The w command is a built-in Linux utility that is capable of listing the usernames of all the users that are currently logged-in, locally or remotely.
In the output, you can view the information of all the logged-in users, like their username, where they are logged-in from, when they are logged-in, and their activity.
In this article, you will learn how to use the “
w” command, including its options (with practical examples).
|Root or Sudo Privileges||No|
|Host System and Architecture||Ubuntu 22.10 (x64)|
|OS Compatibility||Ubuntu, Manjaro, Fedora, etc.|
Usage of the W Command
The w command takes two arguments: one is the option, and the other is the username. Both arguments are optional.
$ w [OPTION] [USERNAME]
By default, when the username field is empty, it will print all the logged-in user information; otherwise, you can pass the username to filter out the data for a single user.
Now, when you execute this command without any options, you will be presented with an output similar to this.
The first line of the output shows the same system information as the uptime command.
System time: The current system time.
Up time: How long the system has been running.
Number of users: The number of logged-in users.
Average system load: The number of processes that are either currently being executed by the CPU or are waiting for execution in the last 1, 5, and 15 minutes, respectively.
The second line includes the following fields:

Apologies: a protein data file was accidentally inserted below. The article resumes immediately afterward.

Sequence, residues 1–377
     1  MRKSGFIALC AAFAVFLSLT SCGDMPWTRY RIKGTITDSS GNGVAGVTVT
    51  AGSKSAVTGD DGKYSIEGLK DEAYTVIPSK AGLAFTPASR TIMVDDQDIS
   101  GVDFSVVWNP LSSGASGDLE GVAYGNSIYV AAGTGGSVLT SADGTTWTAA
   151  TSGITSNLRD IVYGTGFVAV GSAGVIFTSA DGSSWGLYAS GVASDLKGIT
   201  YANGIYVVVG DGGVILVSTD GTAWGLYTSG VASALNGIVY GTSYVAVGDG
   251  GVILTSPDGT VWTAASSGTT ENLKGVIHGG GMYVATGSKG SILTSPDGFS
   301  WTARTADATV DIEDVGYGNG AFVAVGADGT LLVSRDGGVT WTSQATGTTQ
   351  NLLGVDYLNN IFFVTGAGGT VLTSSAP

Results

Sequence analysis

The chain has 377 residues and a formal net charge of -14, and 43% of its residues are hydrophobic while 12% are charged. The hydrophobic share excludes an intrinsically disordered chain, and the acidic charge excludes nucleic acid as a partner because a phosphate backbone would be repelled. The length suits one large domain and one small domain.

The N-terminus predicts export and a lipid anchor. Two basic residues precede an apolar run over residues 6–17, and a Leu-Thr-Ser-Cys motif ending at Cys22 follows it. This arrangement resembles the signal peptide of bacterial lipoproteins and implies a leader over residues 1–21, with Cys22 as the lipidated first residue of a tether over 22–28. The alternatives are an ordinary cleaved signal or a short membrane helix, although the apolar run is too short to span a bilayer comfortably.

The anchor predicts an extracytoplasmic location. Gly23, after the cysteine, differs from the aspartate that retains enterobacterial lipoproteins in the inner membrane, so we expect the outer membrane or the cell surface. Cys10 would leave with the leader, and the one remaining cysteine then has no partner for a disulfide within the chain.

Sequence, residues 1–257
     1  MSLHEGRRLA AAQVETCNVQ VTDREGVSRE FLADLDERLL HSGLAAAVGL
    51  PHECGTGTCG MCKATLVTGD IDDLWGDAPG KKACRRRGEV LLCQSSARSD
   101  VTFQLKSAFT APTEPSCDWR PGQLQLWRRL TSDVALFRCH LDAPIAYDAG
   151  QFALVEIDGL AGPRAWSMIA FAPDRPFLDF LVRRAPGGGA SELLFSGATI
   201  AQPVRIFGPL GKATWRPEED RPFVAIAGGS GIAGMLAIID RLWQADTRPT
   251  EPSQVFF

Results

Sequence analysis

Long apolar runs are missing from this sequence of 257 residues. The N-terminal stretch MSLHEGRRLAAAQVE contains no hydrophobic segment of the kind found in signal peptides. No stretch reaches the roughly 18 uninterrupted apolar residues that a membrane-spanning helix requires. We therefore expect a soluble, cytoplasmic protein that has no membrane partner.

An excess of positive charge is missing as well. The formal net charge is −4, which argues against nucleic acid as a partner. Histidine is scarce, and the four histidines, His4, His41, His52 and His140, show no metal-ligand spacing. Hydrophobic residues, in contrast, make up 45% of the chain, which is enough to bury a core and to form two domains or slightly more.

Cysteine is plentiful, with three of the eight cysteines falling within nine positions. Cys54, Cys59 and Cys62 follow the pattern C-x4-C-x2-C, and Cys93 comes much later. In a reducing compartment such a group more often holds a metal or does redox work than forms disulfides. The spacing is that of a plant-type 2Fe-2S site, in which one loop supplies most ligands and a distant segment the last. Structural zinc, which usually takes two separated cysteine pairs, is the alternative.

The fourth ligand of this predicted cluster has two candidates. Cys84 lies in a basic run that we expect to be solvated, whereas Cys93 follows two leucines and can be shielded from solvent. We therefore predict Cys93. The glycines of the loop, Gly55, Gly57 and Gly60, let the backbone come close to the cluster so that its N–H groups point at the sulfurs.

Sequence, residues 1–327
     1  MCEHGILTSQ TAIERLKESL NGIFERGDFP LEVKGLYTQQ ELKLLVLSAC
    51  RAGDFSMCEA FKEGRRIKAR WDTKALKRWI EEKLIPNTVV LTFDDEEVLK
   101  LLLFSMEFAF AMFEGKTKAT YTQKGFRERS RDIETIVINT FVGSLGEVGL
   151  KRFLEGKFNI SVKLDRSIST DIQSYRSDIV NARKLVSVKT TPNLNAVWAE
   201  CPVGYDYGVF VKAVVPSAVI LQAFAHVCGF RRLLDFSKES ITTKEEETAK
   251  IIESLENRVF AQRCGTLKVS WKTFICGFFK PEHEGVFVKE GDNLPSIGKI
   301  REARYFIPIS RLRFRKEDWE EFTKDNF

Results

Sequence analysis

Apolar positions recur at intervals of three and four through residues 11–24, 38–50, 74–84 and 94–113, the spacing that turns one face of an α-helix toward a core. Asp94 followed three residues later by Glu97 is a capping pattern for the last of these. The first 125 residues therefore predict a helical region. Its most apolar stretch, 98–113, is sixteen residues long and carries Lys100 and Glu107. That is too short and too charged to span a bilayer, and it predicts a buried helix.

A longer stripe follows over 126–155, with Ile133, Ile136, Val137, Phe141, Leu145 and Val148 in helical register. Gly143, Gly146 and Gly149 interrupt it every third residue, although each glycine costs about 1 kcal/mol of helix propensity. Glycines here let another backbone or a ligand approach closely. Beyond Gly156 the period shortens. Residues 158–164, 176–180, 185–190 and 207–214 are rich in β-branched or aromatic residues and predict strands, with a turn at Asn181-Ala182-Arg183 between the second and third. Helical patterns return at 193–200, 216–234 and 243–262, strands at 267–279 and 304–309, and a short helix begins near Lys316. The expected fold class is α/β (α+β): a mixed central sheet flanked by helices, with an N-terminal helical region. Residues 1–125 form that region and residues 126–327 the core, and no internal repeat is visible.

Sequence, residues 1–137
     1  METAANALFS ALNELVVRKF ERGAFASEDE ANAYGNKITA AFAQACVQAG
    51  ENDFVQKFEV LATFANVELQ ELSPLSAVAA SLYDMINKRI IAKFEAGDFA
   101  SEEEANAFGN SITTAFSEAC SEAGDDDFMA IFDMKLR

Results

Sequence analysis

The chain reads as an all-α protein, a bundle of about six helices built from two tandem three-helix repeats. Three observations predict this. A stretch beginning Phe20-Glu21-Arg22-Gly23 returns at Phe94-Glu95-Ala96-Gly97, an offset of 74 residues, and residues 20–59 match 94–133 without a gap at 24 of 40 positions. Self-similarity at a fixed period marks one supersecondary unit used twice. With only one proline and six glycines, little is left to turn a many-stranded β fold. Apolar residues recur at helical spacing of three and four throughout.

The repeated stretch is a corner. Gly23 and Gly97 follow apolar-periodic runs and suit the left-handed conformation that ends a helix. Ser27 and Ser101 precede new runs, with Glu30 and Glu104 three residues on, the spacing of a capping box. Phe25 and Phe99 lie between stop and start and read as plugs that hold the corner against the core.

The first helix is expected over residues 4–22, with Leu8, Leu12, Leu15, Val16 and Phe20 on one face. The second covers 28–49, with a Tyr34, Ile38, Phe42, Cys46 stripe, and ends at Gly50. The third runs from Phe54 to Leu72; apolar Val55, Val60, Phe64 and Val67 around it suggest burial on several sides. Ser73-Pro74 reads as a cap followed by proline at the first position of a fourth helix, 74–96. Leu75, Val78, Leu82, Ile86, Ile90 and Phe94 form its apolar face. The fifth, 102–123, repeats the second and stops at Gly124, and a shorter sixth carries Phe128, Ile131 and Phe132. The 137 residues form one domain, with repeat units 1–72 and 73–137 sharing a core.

USER: The name of the logged-in user.
TTY: The name of the terminal line used by the logged-in user.
FROM: The host name or IP address from where the user logged-in.
LOGIN@: The time when the user logged-in, in 24-hour format.
IDLE: The time since the user interacted with the terminal.
JCPU: The total time for all the processes used by the user terminal.
PCPU: The time used by the user’s current process, which is mentioned in the “
WHAT: The user’s current process with options and arguments.
The following is an example of this command when executed without any options:
Let’s take a look at some examples with the options offered by this command.
W Command Options
The w command accepts several options; when they are specified, you will get different output. So, let’s start with the first option.
Do Not Print the Header
-h” flag will display the output without showing the header.
$ w -h
Toggle the FROM field
-f” flag will toggle the visibility of the “
FROM” field in the output.
FROM” field; however, Ubuntu includes this field in the output that can be hidden using this flag.
$ w -f
Display the Output in the Old Style
-o” flag will display the output in old style, in which the “
JCPU“, and “
PCPU” fields will be replaced with blank space for the users that have been idle for less than one minute.
$ w -o
Display the Output in a Short Style
-s” flag will display the output in short style, in which the “
JCPU“, and “
PCPU” fields will not be printed.
$ w -s
Display the IP address in the Output
-i” flag will show the IP address instead of the terminal name or remote host in the “
$ w -i
Ignoring the Username
-u” flag will return the output without a username for the current process.
$ w -u
That was the end of the last example.
Two examples, the “
--help” flag (used to display the help section) and the “
--version” flag (used to display the version information), are not mentioned as they are self explanatory.
So, let’s conclude this article here as there is nothing left to say, although if you have questions or queries related to this topic, feel free to ask them in the comment section.
Till then, peace!